Stacy Wendt never knew opening a pickle jar and getting her oil changed could be so complicated.
Life for the Brookings, S.D., native changed when her father was deployed with the Army to Operation Desert Storm while she was a teenager.
While he was gone for more than 465 days, Wendt took over her father's chores on the farm, paying bills and repairing vehicles.
Now Wendt, a North Dakota State University junior, helps other children of military families by working with a program called Operation Military Kids.
The program, which seeks to support youth of military families, is new to North Dakota this year.
Diane Hahn, a coordinator with the project, told a group of youth last week about the challenges kids face when their mom or dad is deployed.
"Even though it's the family member, they are serving because they are making sacrifices, too," Hahn said.
A group of teenagers from military and nonmilitary families developed a video last week they hope will raise awareness about what obstacles are ahead for families when a member is deployed.
Hahn said people are surprised by the number of children in North Dakota who have parents who are members of the National Guard, Army Reserve and Air Guard.
In Cass County, 256 children have parents in one of those branches of the military, according to figures from the National Guard.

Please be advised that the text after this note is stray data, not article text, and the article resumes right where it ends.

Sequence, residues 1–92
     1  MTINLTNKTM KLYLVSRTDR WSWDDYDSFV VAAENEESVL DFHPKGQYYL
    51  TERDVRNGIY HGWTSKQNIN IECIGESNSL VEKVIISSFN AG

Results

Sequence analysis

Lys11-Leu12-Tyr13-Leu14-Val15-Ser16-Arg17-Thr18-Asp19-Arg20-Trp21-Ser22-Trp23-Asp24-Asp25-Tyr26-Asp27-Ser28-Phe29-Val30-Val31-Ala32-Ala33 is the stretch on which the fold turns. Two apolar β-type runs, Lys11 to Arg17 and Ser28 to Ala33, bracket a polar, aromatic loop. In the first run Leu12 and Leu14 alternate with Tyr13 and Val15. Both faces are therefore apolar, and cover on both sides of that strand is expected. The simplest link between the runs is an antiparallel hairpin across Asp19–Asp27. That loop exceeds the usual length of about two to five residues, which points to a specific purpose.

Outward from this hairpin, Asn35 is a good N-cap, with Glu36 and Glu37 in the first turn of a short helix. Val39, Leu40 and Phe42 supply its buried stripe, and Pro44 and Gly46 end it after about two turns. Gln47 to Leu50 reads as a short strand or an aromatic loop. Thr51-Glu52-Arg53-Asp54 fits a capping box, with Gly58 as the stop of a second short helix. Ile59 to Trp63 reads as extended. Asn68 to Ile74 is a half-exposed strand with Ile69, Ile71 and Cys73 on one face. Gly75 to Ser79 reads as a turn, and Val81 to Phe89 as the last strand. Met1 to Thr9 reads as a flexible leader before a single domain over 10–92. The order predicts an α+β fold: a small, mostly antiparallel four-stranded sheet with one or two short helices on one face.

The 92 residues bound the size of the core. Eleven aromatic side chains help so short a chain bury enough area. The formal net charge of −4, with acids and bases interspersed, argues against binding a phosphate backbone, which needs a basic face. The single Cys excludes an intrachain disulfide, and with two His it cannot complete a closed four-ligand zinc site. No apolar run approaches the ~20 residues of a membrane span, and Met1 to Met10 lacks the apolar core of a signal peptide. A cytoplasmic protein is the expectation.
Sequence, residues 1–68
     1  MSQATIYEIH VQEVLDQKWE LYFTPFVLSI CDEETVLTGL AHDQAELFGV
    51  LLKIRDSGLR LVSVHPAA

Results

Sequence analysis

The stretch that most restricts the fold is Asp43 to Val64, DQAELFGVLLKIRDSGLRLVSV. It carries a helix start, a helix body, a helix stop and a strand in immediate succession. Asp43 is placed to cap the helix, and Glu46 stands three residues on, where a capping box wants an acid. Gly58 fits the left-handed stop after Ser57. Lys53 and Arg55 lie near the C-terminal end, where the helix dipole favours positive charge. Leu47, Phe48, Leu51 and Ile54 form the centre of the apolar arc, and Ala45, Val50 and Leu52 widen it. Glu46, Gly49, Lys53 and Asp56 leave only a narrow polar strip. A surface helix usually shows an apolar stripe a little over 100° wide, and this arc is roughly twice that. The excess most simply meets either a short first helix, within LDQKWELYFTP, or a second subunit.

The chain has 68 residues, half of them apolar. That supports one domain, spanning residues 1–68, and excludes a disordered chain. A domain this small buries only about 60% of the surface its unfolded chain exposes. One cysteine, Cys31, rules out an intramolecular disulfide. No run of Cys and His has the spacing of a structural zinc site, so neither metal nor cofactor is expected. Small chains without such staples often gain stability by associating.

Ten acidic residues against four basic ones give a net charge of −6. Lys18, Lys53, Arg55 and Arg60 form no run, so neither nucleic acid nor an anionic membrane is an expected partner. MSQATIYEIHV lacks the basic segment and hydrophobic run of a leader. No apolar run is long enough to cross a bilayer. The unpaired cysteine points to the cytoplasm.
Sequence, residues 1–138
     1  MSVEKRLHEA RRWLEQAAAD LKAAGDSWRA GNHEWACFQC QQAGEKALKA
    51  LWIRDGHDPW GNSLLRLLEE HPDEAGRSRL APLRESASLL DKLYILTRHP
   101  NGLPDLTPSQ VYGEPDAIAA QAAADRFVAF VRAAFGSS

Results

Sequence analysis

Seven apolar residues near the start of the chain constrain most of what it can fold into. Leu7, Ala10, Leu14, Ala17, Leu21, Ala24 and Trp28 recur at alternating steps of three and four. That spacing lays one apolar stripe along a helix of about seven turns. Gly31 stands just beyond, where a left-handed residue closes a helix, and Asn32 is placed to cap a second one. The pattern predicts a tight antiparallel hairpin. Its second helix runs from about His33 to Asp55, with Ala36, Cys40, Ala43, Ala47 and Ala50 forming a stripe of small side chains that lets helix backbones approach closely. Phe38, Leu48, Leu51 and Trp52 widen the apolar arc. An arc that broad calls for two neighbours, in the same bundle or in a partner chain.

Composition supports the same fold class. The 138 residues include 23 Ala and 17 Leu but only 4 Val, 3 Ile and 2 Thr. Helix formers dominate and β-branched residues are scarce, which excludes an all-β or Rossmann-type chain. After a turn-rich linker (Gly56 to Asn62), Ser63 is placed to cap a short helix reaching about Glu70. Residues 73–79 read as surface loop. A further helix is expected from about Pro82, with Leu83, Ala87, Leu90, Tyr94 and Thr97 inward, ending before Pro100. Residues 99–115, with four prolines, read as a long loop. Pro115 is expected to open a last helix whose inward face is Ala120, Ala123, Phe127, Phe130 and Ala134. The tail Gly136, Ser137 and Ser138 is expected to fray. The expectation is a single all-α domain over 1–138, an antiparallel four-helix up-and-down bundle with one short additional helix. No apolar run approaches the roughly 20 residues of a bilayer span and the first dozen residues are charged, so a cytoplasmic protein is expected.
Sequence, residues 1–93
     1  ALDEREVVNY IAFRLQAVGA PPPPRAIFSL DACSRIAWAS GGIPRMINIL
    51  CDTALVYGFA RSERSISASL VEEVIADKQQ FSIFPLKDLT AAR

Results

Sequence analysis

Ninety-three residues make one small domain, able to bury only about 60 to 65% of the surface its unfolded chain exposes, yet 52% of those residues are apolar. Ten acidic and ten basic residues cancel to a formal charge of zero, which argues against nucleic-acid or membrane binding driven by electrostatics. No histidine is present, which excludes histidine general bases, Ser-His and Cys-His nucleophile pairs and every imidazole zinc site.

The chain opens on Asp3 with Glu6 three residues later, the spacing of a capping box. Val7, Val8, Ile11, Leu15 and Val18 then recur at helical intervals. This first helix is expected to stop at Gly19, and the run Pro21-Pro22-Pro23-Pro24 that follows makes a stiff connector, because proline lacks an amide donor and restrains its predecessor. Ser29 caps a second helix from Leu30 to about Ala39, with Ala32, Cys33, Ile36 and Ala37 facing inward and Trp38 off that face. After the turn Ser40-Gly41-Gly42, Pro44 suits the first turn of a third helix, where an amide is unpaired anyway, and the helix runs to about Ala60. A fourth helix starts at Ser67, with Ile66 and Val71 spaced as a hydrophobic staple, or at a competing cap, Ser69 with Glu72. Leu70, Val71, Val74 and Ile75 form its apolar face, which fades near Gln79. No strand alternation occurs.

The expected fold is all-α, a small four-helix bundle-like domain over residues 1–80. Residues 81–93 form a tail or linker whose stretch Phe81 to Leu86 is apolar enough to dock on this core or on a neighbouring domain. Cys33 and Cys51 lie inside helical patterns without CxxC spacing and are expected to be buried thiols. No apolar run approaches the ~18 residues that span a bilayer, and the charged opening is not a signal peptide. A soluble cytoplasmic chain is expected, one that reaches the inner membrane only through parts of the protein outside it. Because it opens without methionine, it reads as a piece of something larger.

Hahn called those families "suddenly military" because many didn't plan on being deployed when they signed up for the Guard or Reserves.
Sarah Hardison, 17, a resident of the Minot Air Force Base, said one of the hardest things about her father's deployment to Afghanistan was that his orders got mixed up, so he left on short notice and on Thanksgiving.
"It was a shock to us," said Hardison, who participated in the Military Youth Institute during the NDSU Extension Youth Conference.
It was harder to function as a family and in school while her dad was deployed, Hardison said.
"Even our dog got depressed when he was gone," Hardison said.
Operation: Military Kids has several events and youth camps this summer around North Dakota.
Wendt said the activities give youths a chance to connect with others who are going through the same experiences.
It also helps them raise awareness with people who are not connected with the military.